On April 1, 1999 a new Northwest Territories was created when new boundaries were drawn in Canada's North. Two new territories, a new NWT and Nunavut (which means "our land" in Inuktitut), were created. This change marked the first significant change to the map of Canada since Newfoundland joined Confederation in 1949.
The motivation for creating two new territories in Canada's North stemmed from the people of Nunavut's desire to have their own government, one that is closer to the people and more culturally-based including the use of Inuktitut as the working language of the new government.
However, the concept of dividing the NWT dates back to the 1950s when non-aboriginals in the Mackenzie Valley in the western part of the NWT pushed to divide the territory, arguing the move would allow the West to move more rapidly to responsible government.
The creation of the two new territories moved one step closer to reality in 1963 when the federal government introduced legislation to divide the Northwest Territories into the Mackenzie and Nunassiaq territories. But later that same year the legislation died on the order paper.
The Carruthers Commission
The next year, the newly elected Northwest Territories Council expressed opposition to dividing the region. Dean A.W.R. Carruthers was appointed by the federal government to head a commission to study the development of government in the Northwest Territories. After the completion of the study in 1966, the Commission recommended that the NWT should not divide into two territories. This slowed the discussion of the issue for a few years.
In 1976, the issue was re-ignited when the Inuit Tapirisat of Canada (ITC), the main political Inuit organization of the time, proposed the creation of Nunavut as part of the comprehensive Inuit land claim settlement, including the Inuvialuit area of the Beaufort Sea. Later that year, due to development pressure in their region, the Inuvialuit split from the ITC and pursued their own land claim.
That same year, a federal electoral boundary commission recommended two electoral districts for the Northwest Territories: Nunatsiaq and the Western Arctic. The recommended changes were in effect in time for the 1979 federal election.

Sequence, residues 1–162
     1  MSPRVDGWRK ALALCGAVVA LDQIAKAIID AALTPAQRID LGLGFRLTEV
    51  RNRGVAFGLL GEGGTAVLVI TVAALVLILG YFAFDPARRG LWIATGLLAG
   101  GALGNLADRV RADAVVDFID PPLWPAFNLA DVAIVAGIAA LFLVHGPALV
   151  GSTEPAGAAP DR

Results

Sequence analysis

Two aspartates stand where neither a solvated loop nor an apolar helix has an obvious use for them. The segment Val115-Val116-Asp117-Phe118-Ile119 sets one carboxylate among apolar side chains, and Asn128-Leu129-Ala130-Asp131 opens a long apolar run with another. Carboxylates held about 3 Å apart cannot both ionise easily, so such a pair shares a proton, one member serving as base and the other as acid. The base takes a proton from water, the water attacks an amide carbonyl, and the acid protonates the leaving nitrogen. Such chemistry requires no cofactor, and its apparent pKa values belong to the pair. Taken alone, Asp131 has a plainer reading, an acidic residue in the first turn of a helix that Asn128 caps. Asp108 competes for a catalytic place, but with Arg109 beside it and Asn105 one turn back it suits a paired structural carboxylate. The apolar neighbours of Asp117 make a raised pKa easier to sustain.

Over the next 12 months, many groups submitted suggestions as to where a dividing line could be drawn if the NWT were to separate into two territories. The Dene Nation, the organization representing Dene in the western part of the Northwest Territories, proposed dividing the NWT into three territories. The Métis Association suggested extending the Manitoba/Saskatchewan boundary northward.
At the end of 1977, the NWT Inuit Land Claims Commission made a recommendation to the federal government that a new territory and government called Nunavut be established.
Two years later, the Inuit Tapirisat of Canada released a paper calling for division of the NWT within 10 years and provincial status for Nunavut to follow in five years. In 1980, delegates at ITC's Annual General Meeting unanimously supported the creation of Nunavut.
That same year, the Legislative Assembly's Special Committee on Unity reported a lack of consensus in the NWT for the continuation of one territory. Members of the Legislative Assembly voted 16-1 in favor of creating two new territories.
In 1981, MLAs agreed to put the division question to the people of the NWT. Voters were asked, "Do you think the Northwest Territories should be divided?"
The plebiscite on dividing the NWT was held April 14, 1982 and 56.6 per cent of the voters supported the idea, with the vote in Nunavut being very high in favour. Over the next 10 years the federal government announced its support of Nunavut, boundaries were agreed to and then disagreed upon, and a boundary plebiscite was called and canceled. In February 1992 the Executive Council set May 4 as the date for Northerners to vote on a proposed boundary, known as the Parker line, for creating two new territories.